Monophyly of clade III nematodes is not supported by phylogenetic analysis of complete mitochondrial genome sequences
1 Graduate Program in Cell Biology and Genetics and Department of Parasitology, College of Medicine, Chungbuk National University, Cheongju 361-763, Korea
2 Department of Biological Sciences, Inha University, Incheon 402-751, Korea
3 Graduate Program in Cell Biology and Genetics, College of Medicine, Chungbuk National University, Cheongju 361-763, Korea
4 Department of Biotechnology and Bioinformatics, College of Science and Technology, Korea University, Chungnam, Korea
5 Department of Microbiology, College of Medicine, Chungbuk National University, Cheongju 361-763, Korea
6 Department of Parasitology, College of Medicine, Chungbuk National University, Cheongju 361-763, Korea
7 Department of Nematology, University of California, Davis, CA 95616, USA
BMC Genomics 2011, 12:392 doi:10.1186/1471-2164-12-392Published: 3 August 2011
The orders Ascaridida, Oxyurida, and Spirurida represent major components of zooparasitic nematode diversity, including many species of veterinary and medical importance. Phylum-wide nematode phylogenetic hypotheses have mainly been based on nuclear rDNA sequences, but more recently complete mitochondrial (mtDNA) gene sequences have provided another source of molecular information to evaluate relationships. Although there is much agreement between nuclear rDNA and mtDNA phylogenies, relationships among certain major clades are different. In this study we report that mtDNA sequences do not support the monophyly of Ascaridida, Oxyurida and Spirurida (clade III) in contrast to results for nuclear rDNA. Results from mtDNA genomes show promise as an additional independently evolving genome for developing phylogenetic hypotheses for nematodes, although substantially increased taxon sampling is needed for enhanced comparative value with nuclear rDNA. Ultimately, topological incongruence (and congruence) between nuclear rDNA and mtDNA phylogenetic hypotheses will need to be tested relative to additional independent loci that provide appropriate levels of resolution.
For this comparative phylogenetic study, we determined the complete mitochondrial genome sequences of three nematode species, Cucullanus robustus (13,972 bp) representing Ascaridida, Wellcomia siamensis (14,128 bp) representing Oxyurida, and Heliconema longissimum (13,610 bp) representing Spirurida. These new sequences were used along with 33 published nematode mitochondrial genomes to investigate phylogenetic relationships among chromadorean orders. Phylogenetic analyses of both nucleotide and amino acid sequence datasets support the hypothesis that Ascaridida is nested within Rhabditida. The position of Oxyurida within Chromadorea varies among analyses; in most analyses this order is sister to the Ascaridida plus Rhabditida clade, with representative Spirurida forming a distinct clade, however, in one case Oxyurida is sister to Spirurida. Ascaridida, Oxyurida, and Spirurida (the sampled clade III taxa) do not form a monophyletic group based on complete mitochondrial DNA sequences. Tree topology tests revealed that constraining clade III taxa to be monophyletic, given the mtDNA datasets analyzed, was a significantly worse result.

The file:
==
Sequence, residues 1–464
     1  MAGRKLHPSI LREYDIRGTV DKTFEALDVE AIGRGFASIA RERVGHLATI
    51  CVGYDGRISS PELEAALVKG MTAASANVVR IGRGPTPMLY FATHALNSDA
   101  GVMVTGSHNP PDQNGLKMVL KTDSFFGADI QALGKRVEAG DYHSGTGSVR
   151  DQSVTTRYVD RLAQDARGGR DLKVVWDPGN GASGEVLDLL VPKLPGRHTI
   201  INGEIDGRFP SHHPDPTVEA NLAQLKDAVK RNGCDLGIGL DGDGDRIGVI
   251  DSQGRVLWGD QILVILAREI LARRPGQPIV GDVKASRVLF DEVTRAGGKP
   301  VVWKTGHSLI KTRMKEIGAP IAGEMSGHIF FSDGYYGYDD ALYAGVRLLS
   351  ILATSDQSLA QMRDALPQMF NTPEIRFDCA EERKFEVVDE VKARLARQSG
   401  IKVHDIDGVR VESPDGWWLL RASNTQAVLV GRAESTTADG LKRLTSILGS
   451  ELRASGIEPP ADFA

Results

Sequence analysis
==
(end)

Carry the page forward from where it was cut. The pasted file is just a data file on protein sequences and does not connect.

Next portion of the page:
The phylogenetic hypotheses from comparative analysis of the complete mitochondrial genome data (analysis of nucleotide and amino acid datasets, and nucleotide data excluding 3rd positions) indicates that nematodes representing Ascaridida, Oxyurida and Spirurida do not share an exclusive most recent common ancestor, in contrast to published results based on nuclear ribosomal DNA. Overall, mtDNA genome data provides reliable support for nematode relationships that often corroborates findings based on nuclear rDNA. It is anticipated that additional taxonomic sampling will provide a wealth of information on mitochondrial genome evolution and sequence data for developing phylogenetic hypotheses for the phylum Nematoda.